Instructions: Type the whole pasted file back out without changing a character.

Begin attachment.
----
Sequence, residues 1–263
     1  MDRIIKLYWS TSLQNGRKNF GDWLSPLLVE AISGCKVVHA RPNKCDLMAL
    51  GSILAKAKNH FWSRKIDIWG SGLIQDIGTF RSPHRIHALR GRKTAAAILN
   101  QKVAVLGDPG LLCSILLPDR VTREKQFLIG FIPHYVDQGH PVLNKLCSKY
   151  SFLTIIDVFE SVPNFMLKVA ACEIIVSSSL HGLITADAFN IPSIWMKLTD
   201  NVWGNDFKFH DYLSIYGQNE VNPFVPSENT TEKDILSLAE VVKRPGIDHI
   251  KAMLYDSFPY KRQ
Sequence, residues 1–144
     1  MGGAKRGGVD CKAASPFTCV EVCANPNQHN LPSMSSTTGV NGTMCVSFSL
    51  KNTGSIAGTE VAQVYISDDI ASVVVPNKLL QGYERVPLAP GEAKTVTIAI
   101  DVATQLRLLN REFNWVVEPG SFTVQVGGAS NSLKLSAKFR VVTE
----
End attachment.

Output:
Sequence, residues 1–263
     1  MDRIIKLYWS TSLQNGRKNF GDWLSPLLVE AISGCKVVHA RPNKCDLMAL
    51  GSILAKAKNH FWSRKIDIWG SGLIQDIGTF RSPHRIHALR GRKTAAAILN
   101  QKVAVLGDPG LLCSILLPDR VTREKQFLIG FIPHYVDQGH PVLNKLCSKY
   151  SFLTIIDVFE SVPNFMLKVA ACEIIVSSSL HGLITADAFN IPSIWMKLTD
   201  NVWGNDFKFH DYLSIYGQNE VNPFVPSENT TEKDILSLAE VVKRPGIDHI
   251  KAMLYDSFPY KRQ
Sequence, residues 1–144
     1  MGGAKRGGVD CKAASPFTCV EVCANPNQHN LPSMSSTTGV NGTMCVSFSL
    51  KNTGSIAGTE VAQVYISDDI ASVVVPNKLL QGYERVPLAP GEAKTVTIAI
   101  DVATQLRLLN REFNWVVEPG SFTVQVGGAS NSLKLSAKFR VVTE